Was that when you studied at San Alejandro in Cuba? Because after that, you went to New York and met Jimmie Durham. Soon after that you were invited by Jan Hoet for the exhibition Ponton Temse and later Documenta IX. After that you stayed in Ghent and made many large museum expo’s in places such as MKHA and SMAK. You were also awarded prizes such as the Prize of the Flemish Ministry of Culture and a Guggenheim Fellowship for installation Art and Sculpture. And in 2015 you participated in the Venice Biennale All the World’s Futures. I must imagine it felt good that with your own personality, your own vision, you can make so many things happen.
And I’m not finished yet! I’m just warming up.
But this year you turn 65. You can retire like Panamarenko.
I mean… All the time, art has this duality. We are not bad guys, we are just struggling with the duality of many things. Probably the curator has something similar. We know what is right. We can… but to arrive at the right things is very hard. Because things are not meant to make our trip easy. And sometimes you have this dream that isn’t very clear to you but you know that you want to achieve it. You know that you want to make these exhibitions but it is hard to accommodate all the ideas into that project. The duality lives in us. We know that we can do that. I am a good painter. I could cheat by painting, because I studied painting. That is why I never go to exhibitions of painting. You know why? Because I can smell when people are painting for money. And they want to put candy in your mouth and they say “Please buy me. Because I put this yellow here for you, my sweet sweet collector.” I can do that, but I won’t.
To struggle with small things and not to… It would have been easier for you to just paint or draw. I mean, it is just one folder and off it goes.
That is the reason why I count how many good painters I have seen in my whole life of which I can say: “Wow.” It’s only a handful. When I see one, I don’t restrict how emotional I can be. I know they are good painters. You can feel your heart beating. You feel happy. I don’t feel jealous, I feel happy.
And that is what you want when people see your work. You want them to be happy, to feel their hearts beating. Or when they see an exhibition, you also work in the space.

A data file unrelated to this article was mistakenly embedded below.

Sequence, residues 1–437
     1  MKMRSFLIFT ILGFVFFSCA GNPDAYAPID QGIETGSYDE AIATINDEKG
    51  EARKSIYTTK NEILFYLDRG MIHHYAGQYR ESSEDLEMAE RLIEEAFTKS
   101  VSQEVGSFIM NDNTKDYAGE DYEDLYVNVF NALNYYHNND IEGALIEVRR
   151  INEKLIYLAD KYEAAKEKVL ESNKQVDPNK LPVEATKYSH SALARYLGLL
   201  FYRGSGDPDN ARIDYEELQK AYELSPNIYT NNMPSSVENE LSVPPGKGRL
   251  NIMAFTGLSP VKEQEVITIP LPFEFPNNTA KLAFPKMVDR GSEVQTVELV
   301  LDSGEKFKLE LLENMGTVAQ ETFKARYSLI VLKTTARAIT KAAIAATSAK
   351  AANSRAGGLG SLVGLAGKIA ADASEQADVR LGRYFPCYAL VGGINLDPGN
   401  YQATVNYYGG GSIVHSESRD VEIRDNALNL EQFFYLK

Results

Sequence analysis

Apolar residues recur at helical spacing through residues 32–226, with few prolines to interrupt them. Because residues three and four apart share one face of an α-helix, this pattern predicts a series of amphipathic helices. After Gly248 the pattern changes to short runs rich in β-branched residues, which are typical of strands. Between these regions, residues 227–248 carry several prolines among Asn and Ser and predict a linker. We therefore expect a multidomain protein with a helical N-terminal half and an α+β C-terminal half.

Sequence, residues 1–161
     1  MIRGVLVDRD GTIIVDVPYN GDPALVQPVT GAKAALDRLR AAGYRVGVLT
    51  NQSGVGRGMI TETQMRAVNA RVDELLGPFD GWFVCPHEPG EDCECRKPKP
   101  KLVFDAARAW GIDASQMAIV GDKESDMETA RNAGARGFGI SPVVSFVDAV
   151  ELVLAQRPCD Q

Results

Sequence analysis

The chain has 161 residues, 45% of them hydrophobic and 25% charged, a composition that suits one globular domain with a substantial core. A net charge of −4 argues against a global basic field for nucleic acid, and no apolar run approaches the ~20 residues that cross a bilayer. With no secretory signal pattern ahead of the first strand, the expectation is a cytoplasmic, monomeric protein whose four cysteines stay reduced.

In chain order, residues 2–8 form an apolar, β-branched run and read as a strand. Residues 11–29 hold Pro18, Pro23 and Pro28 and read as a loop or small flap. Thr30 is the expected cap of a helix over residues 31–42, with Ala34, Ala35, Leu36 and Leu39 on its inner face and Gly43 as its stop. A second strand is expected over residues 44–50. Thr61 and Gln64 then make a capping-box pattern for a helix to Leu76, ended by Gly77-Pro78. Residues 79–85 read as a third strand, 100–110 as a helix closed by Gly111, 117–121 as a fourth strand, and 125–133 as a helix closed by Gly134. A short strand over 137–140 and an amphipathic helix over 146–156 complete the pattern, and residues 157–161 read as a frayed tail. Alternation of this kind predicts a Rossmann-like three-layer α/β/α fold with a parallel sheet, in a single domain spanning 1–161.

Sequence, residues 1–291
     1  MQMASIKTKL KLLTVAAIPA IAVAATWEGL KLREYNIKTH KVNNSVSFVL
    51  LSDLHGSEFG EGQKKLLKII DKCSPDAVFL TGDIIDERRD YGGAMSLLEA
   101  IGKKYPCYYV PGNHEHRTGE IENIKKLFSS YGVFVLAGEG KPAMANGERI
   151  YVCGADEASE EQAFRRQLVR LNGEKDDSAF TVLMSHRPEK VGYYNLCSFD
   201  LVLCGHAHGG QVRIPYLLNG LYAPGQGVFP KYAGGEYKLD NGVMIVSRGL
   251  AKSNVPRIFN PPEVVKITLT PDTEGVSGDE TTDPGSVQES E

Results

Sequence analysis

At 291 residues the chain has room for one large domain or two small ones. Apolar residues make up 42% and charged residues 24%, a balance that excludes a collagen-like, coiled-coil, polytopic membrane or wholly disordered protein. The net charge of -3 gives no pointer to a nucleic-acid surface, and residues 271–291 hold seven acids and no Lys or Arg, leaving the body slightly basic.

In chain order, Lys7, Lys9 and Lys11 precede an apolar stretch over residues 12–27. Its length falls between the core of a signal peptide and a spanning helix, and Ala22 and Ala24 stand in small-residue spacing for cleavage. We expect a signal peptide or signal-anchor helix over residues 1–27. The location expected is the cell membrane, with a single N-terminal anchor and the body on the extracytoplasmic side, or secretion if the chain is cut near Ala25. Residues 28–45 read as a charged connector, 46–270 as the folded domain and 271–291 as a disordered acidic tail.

You know, in the end, when you make art, you are a happy person. Even with the struggle. And maybe… today wasn’t a good day. You didn’t make anything good. But then you just have to say: “Tomorrow, I will do better.”
But when you go inside of the kitchen. When do you say to your daughter: “Okay, I made a good piece today.” Or, if it didn’t work that day, do you go into the kitchen angry?
You feel it when you’ve had a good day? Because sometimes when you make art, there are days that make you feel deflated.
The thing is you need to live with that. You need to know how you can handle that yourself.
You always say: “Tomorrow is a better day.”
Yes. You think: “Okay, today is not my day.” So I clean the floor. And I clean my workspace. Or I go to the streets and walk.
Ah, so if you say: “Hmm, I have no spirit today,” you say: “Hopla!” and go outside.
No, no, I am here. I am cleaning the floor. It used to be painting the walls. And I wash the dishes every day, because that gives you some sort of discipline. I wash the dishes, I feed the birds outside, I read my books, I listen to my music and I remember that there is always going to be a better time than today. The things that aren’t good are the things that escape from my hands.
If you make a work that doesn’t feel like yourself, do you destroy it?
You are never going to see it. I would never show it. I don’t let people see what is not 100% me.
Because sometimes you make art when you are not a 100% with yourself…
I made some drawings, most of it happens with drawings…
Yes, that is different. That is another way of thinking then.
Yes, you need to think and say: “Maybe not today.” I have drawers full of unfinished drawings. They are from five to ten years old. Sometimes they are just missing a single line. But on that day I just do not have the communication to draw that line. And one day I will rediscover that drawing and finish it and I am happy. I have learned this with age. When you’re young, you want to finish everything in a day and you destroy a lot of potentially good things, because you’re in a hurry. You are in the middle of the fire and you burn things. And now I find drawings and I finish them. And there are things that I make now of which I know that they are almost there, but that they aren’t a 100% there yet for me. They aren’t 100% alive.
But if your daughter arrives and says: “I don’t like this”, will you listen?